Joey was, “her little nosh pot.” He would be there to defend Natalie. He was a protector of the family and she loved that in him. She loved his sheer joy of life and his force of personality. Also that he was a sheer schmoozer with Elliot’s engaging eyelashes.”
Together they supported a number of charities, Jewish Care, planting trees in Israel, Brasenose College and sponsoring a child in Africa.
While in early pregnancy with Natalie, Rosie participated in the “Race for Life” charity run. She wore her participant’s label in such a way that it masked the emergent bump in her belly. Latterly, Rosie has supported the outstanding work of Breast Cancer Care and Chai.
Rosie’s Fighting Genghis blog has been nominated for awards. Though originally written as a private journal, her recent final message was covered by the English and Irish media and The Huffington Post.
We stand here today mourning the passing of a brilliant, accomplished young woman of tenacity, resilience, strength and determination. And while none of us would hesitate to describe Rosie Choueka as an inspiration, Rosie herself recoiled from that description. Laurence says that on being called inspirational, she had retorted that, she was “doing the very best she could in a shitty situation. It was hideous and she wouldn’t wish it on anyone.”
And yet Rosie gave inspiration. Deborah says, “She championed everybody to be the best person they could be. She gave life a massive ‘yes’ because she was doing it.”
Laurence says that, “she never let go of her wish for life and was determined to do the best she could. She made us all incredibly proud.”
Craig was inspired by her instruction, “life’s too short. Do the right thing.”
On Friday 22nd May, Rosie was at a conference in Oxford lecturing on competition policy and the retail sector. Over the weekend of the 23rd, she was on a family trip to Israel. Even there, she was taking client calls.
From her bedside, Rosie continued to fight to express herself and to organise the details of her final days… Even her funeral. Her hand written notes are neat and meticulous. Even her verbal instructions were deliberate and unambiguous. She even said 10 days ago that she would die on a Tuesday. And this morning, she sat up a little, kissed Elliot and 20 minutes later did just that.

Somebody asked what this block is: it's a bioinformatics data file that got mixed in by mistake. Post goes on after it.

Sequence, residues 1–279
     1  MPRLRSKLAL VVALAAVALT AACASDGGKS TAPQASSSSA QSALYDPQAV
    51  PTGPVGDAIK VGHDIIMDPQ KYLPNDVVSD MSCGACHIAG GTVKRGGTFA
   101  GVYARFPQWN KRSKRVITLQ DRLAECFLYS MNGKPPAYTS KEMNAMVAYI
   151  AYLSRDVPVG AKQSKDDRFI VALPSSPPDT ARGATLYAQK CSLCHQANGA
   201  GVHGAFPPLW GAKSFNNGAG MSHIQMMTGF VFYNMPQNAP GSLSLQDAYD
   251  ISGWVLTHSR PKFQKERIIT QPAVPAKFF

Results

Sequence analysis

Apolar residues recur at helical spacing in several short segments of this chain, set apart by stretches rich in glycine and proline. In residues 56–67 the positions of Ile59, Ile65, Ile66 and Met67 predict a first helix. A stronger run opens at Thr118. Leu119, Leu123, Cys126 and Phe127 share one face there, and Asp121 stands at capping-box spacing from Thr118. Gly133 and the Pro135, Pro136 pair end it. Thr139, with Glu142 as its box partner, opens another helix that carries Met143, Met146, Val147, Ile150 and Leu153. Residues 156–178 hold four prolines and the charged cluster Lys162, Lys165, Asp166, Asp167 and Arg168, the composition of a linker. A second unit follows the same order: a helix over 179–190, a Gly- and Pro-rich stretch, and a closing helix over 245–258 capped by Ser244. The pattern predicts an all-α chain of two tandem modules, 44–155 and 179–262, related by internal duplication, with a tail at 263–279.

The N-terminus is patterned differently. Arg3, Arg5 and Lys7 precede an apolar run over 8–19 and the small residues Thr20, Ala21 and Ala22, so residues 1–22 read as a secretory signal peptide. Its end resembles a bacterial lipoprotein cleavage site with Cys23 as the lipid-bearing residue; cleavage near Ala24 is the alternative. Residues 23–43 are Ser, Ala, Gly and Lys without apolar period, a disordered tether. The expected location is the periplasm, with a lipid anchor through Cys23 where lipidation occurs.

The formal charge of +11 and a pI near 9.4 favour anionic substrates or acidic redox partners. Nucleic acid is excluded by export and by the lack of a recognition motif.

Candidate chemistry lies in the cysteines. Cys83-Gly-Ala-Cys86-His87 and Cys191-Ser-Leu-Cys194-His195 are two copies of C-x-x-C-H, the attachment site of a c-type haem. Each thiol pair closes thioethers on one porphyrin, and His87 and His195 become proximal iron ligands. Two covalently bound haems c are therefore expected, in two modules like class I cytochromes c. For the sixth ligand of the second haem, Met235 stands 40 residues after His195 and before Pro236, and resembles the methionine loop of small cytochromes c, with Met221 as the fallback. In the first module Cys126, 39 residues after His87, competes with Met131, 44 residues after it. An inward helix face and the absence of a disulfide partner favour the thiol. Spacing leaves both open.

Oh Lord, we commend to you this afternoon, Rosemary Sara Choueka, Chaya Rachel bat Yaakov Hacohen. Take her under your eternal protection and grant her the reward of the righteous. Her physical suffering is ended. May her soul now rise untrammelled to bask in Your Glory.
Grant comfort to all Rosie’s family. May Natalie and Joey grow up knowing that their mother was cherished by everyone who knew her and thousands who knew of her and yet she cherished nothing in life more than Natalie and Joey themselves. Grant Elliot comfort and strength. May he be blessed for his constancy and support as he embarks on the new chapter of raising their family and keeping Rosie’s memory and spirit alive.
Maralyn and Jeffrey are the foundation of Rosie’s many strengths and virtues. Together they have given Rosie courage and hope. They have been role models in their family and community and ad meah ve’esrim shana should have fulfilled their dream of a lifetime’s naches seeing little Roro triumph in her work and in her family. May they know no further sorrow. Grant them health and strength and length of days.
Grant comfort to Laurence, devoted to his big sister, protector and mentor. And comfort to the extended family, to Deborah, to Talia, to Claire and David who have shown phenomenal support and love. Rosie’s strength of character; her love and unwavering faith have enriched all our lives. We are better for having known her; stronger for seeing her confront adversity. Indeed we are blessed and privileged that she has been a part of our lives.
May Rosie rest in peace, and let us say, Amen.”